Speedy Dan glared out the car window. The playground Mom had parked next to was nothing like the one he used to play in before his family moved. This one had only two tree swings, one merry-go-round, and a slide with four steps.
Worse than that? It was way too small. Dan would never be able to run faster than the wind, faster than lightning, even faster than a superhero before he reached the back fence.
Mom took her hands off the steering wheel and looked over her shoulder at Dan. “Your sister’s almost at the slide. Don’t you want to go with her?”
Dan squirmed within his seat belt. “Not really.”
“Are you sure? Your dad and I used to love to play here when we were kids,” Mom said.
Dan slipped his hand into his pants pocket and squeezed the hard, gold medal. “Fastest Boy in Mrs. Peabody’s Class,” it said. He’d won it last month before school ended.
“I’m sure,” he said.
Mom sighed, opened her car door, and stepped outside.
Dan watched her through the window. Any minute now, she would call Page back, and the three of them would return to the house where Grandpa lived before he disappeared. It was the same house he and his family now lived in.
Mom glanced down at Dan. “You’ll like it here,” she said.
“No I won’t,” Dan said.
Mom cocked her head to one side. She smiled the way she did when she hid a Christmas or birthday present behind her back. “Try the swings first, Page,” she called to Dan’s sister. “They’re amazing.”
Page turned and waved.
Dan undid his seatbelt. He opened his door. “What’s so amazing about the swings?”
Mom smiled her secret smile again. “You’ll have to find that out for yourself.”
“Oh, all right.” Dan climbed out of the car.
“Race ya, Dan!” Page called. She started running.
Dan ran too. Within seconds, he zipped past Page and jumped onto the first tree swing.
“Take care of your little sister,” Mom called.
Why? They weren’t going anywhere. “All right,” Dan called back. He then pushed his air-light sneakers into the sky.
Page jumped onto the tree swing next to his. She kicked off her sandals.
“Look! I’m higher than the other trees!” Dan said.
“So am I,” Page said.
“Now I’m higher than the Rocky Mountains.” Dan pumped his swing higher, but when it also went faster, he gritted his teeth. He clenched the swing chains.
“What’s happening?” Page yelled.
“We’ve got to jump off these swings!” Dan said. Then he jumped.
Clouds whisked past him. Wind whooshed like the inside of a hollow tunnel. The playground . . . then Mom . . . disappeared.
Dan landed on his stomach with his face pressed flat against the ground.
“Are you all right?” Page whispered.
Dan moaned. He wanted to say, “I don’t know. Are you?” But his mouth was full of dirt.
“I think so,” Page said. “Nothing hurts.”
That’s weird! Dan thought.
Dan spit out the dirt. “Page?” he thought again. “Are you moving your mouth when you talk?”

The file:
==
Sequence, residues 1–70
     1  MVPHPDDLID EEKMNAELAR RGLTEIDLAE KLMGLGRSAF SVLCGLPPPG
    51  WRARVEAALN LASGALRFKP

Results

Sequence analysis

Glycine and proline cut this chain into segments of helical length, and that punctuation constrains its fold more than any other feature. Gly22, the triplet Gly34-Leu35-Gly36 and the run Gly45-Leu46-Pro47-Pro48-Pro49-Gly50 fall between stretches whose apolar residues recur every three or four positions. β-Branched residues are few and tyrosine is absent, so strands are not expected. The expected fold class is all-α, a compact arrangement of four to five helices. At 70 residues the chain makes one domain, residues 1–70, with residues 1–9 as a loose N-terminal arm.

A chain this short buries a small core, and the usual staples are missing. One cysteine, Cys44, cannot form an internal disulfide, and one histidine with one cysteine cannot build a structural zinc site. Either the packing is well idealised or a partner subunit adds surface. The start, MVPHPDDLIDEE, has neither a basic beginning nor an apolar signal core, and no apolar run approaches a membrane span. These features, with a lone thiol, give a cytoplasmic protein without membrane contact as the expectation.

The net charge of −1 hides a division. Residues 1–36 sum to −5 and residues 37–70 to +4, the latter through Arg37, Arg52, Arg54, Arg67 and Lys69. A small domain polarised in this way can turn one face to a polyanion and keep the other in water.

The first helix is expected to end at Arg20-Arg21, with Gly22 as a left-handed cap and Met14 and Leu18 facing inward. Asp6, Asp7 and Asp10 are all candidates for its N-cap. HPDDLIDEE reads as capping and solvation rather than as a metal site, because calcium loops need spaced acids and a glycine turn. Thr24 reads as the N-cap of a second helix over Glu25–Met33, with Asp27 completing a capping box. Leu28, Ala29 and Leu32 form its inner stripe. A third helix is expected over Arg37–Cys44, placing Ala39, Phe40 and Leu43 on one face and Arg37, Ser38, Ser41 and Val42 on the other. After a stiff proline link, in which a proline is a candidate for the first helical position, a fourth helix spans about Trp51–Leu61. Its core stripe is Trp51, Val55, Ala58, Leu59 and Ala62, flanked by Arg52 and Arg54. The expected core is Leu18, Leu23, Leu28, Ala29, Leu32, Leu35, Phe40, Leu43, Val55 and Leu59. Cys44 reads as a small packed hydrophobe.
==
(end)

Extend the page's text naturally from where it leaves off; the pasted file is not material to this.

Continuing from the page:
“No,” Page answered. “Are you?”
“No. All I do is think the words and you hear them.”
“Same with me. Cool, huh?”
“Cool. And strange. Have you opened your eyes yet?”
“Nope. I’m afraid to look. When we jumped, I couldn’t see the playground anymore.”
“Me neither,” Dan said. “Let’s both open our eyes at the same time. Okay?”
“Okay. On the count of three. One . . .”
“Two. . .”
“Three,” they said together. Both opened their eyes.
“Where are we?” Page said.
Right in front of them, Dan saw a tall, rocky mountain. It went straight toward the sky.
“I don’t know,” he answered. “Mom said we would be surprised. Do you think this is what she was talking about?”
“Maybe.” Page frowned.
“Your voice is wobbling,” Dan said. “Are you all right?”
“I feel like I did the first day I went to Kindergarten.”
That’s how Dan felt too—all scared inside—but he didn’t want his sister to know. He wanted her to think he was brave. So he looked over his shoulder away from her.
“AAAAAAAH!” Page screamed. “We’re on the edge of a mountain!”
“Don’t look down!” Dan grabbed her hand. “We’ll be all right. Let’s climb away from here.”
Inch after inch, Dan and Page climbed up the face of the rocky mountain until it flattened into a large, green field. The grass was sprinkled with tiny gold and purple flowers.
They crawled a few more feet into the field then stood. Safe again.
Page squeezed Dan’s hand tighter. “Are we still in the Rocky Mountains?”
Dan looked around him. He saw a circle of sharp, jagged mountains with a valley in the middle. The mountains were covered in thick, moss-like grass and lots of tall, bushy trees.
Some of the trees were dark green. Some were deep red. And some were bright gold. A shimmering castle stood on top of the tallest mountain on the other side of the valley.
“I don’t know where we are,” Dan said.
“You are in the Hidden Kingdom,” said a gravelly voice.